Augmented Reality (AR) tech has introduced us to the very real future where virtual people, places, and things can exist in the world around us. Currently, the tech is limited to a handheld device such as your smartphone but the real magic kicks in when we make the leap from handheld to wearable. With it comes a shift in our perspective and creative approach. We make the leap to Mixed Reality (MR) when new technology can visually scan and understand your place in the physical world. The addition of computer vision technology and environmental data-collection enables virtual content to understand its own place in our physical world. Everything from a product installation at a store to emergency directions, will become spatially aware of our world.

A great example of a familiar MR experience would be maps. On your phone or tablet they show you roads, transit lines, traffic, and even local shops and ratings according to society (random people). This is a contextual layer that we’ve gotten used to consulting frequently. Before fancy phones or tablets, folding paper maps also provided this contextual layer over our world, though disconnected and far less convenient. With AR and MR technology we take this layer and place it out in front of us as we move about the world. All of that information will be visible and perceived the same as the practical objects that are physically there.

When we look through our screens into the world around us, the possibilities for MR content become endless. Stores will place MR ads right in their windows custom tailored just to you. Video feeds will become portals we will step into for an immersive 360 look all over the world. Even city parks will host art and events built entirely for a Mixed Reality audience. With our heads held high, we might just experience the world with fresh new eyes! There is a tradeoff here though. Much like the challenge of self driving cars, we need to be aware of distracted people failing to notice the real dangers around them. Elon Musk might need to create a self-walking human. With this virtual layer affixed with us at all times, we move about the world in a bubble of our own simulacrum.

Virtual content could mimic elements of our physical world or they could evolve into more fluid experiences. Narrative content can now exist in the world and create personalized moments for each and every viewer. For instance, an athletic company could design personalized running routes complete with a digital path or virtual running partner to follow, all projected out into the world in MR. Museums have already begun to explore AR content and contextual information paired with exhibits and famous pieces. Imagine an architectural tool that lets designers experience their future space then adjust a few walls by reaching out and pushing them. News feeds will deliver relevant articles based on your preferences, current location, time of day, and even, what you are looking at. Our future offices may transform into open tables devoid of screens, letting work content live in the MR view of the individual employee. The built environment will come to life as a sub-reality telemetric membrane is visualized all around you.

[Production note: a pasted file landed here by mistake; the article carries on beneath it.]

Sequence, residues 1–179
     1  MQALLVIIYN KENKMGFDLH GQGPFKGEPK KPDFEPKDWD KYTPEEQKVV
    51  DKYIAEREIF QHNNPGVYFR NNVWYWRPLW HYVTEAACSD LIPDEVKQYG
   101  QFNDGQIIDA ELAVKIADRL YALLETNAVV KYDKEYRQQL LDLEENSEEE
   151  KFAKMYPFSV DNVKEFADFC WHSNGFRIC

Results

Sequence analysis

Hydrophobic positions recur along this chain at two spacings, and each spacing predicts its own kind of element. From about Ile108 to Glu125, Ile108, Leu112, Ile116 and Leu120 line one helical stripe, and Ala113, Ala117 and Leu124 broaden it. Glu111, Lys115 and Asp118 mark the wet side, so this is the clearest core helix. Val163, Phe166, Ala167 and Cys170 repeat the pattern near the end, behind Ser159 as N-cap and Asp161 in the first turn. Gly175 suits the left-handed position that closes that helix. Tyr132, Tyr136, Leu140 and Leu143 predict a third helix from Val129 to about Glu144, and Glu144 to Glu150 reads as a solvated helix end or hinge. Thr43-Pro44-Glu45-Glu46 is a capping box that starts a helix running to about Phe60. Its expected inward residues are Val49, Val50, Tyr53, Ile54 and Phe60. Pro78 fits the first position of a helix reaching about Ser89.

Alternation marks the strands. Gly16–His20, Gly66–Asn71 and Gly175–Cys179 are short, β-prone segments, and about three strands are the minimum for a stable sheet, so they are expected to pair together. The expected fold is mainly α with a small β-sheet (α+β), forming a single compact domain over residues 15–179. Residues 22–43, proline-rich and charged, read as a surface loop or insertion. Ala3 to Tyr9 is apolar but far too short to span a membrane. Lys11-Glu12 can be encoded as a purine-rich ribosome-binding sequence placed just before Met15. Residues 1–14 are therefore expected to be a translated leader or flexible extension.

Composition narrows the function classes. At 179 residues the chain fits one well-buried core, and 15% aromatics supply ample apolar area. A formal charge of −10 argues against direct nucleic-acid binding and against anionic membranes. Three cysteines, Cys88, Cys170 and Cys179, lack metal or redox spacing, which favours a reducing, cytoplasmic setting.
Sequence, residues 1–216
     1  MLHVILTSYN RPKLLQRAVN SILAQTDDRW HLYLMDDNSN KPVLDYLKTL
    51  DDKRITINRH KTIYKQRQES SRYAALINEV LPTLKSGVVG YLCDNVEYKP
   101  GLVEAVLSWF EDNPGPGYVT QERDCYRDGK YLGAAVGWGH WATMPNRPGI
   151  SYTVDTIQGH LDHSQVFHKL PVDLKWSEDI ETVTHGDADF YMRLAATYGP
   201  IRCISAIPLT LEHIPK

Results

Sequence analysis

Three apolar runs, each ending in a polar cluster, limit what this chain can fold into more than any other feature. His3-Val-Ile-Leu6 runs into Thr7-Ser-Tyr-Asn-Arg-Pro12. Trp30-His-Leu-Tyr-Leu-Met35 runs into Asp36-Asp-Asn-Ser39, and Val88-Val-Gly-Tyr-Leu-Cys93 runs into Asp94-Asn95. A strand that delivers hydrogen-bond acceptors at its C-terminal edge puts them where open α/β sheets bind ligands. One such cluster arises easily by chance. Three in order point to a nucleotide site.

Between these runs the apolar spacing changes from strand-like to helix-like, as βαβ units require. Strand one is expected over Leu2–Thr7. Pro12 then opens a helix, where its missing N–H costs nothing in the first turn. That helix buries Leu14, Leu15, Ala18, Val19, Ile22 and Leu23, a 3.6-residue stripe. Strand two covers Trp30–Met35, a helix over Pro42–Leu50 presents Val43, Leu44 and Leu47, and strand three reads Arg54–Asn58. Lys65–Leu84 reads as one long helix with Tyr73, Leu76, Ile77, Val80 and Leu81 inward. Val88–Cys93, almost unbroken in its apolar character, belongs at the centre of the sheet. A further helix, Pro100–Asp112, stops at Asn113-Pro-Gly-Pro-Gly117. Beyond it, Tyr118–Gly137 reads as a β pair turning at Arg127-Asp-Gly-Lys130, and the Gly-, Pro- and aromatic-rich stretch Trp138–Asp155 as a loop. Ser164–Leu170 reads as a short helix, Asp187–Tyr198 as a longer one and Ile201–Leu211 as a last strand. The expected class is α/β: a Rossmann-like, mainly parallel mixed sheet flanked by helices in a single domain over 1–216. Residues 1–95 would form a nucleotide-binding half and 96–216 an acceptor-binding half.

Location persistency will introduce an ability to place a virtual object in a location and have it remain there not just for you, but everyone else as well. This era of location persistent MR will inspire us to treat virtual content much like physical content. We may hold it, take it with us, and even have places around the home where we like to keep it. The persistent locations where that virtual content can exist may be controlled and sold much like a website domain or physical property. Just imagine: you own your house, the land it sits on, and the mixed reality space it shares.

We may be looking at a virtual land rush similar to the .com boom. DNS hosting services may offer GPS zones where buying the virtual GPS coordinates gives you ownership of the corresponding world area in MR. The question is; will we create content for a unified network much like the internet today or will every company strive to create their own version of this MR world?

Creating for this future is exciting and will require a mindful approach. Our future content will be cerebral, immersive, and designed entirely for us. The responsibility of creators is going to be in the content we create that lifts people up and out of their bubbles rather than cocooning them into a false reality of their own making.

Part 3

The Attention Economy

Attention is a commodity more valuable than any currency. The products you buy, content you consume, and places you go all feed a system designed to capture your attention and provide you with more stimuli. This is due in part by the growth of our connected culture as we increasingly take our lives online. In The Reality Complex, we’ve been exploring the social and creative considerations Augmented Reality, Virtual Reality, and Mixed Reality will bring to market. In Part 3 we look at what drives this technology: your attention.

We use smartphones a lot these days. An understatement to be sure, but pair that with our explosive growth in social networks and we come up with some pretty staggering figures. Consider that the average US user spends 50 minutes on Facebook alone in a given day, and that’s just one site* from two years ago. (Facebook 2016 Report) Another study found that young adults were spending, on average, five hours a day on their smartphones (PLOS ONE, Beyond Self Report). When we account for all time spent online to a connected culture, shopping, reading news, playing games, or even working, we begin to picture another world. A world shared and experienced in relative space. As we continue down this path, our relationship to our living reality will become intertwined with our relationship to our virtual one. In many ways, it already has.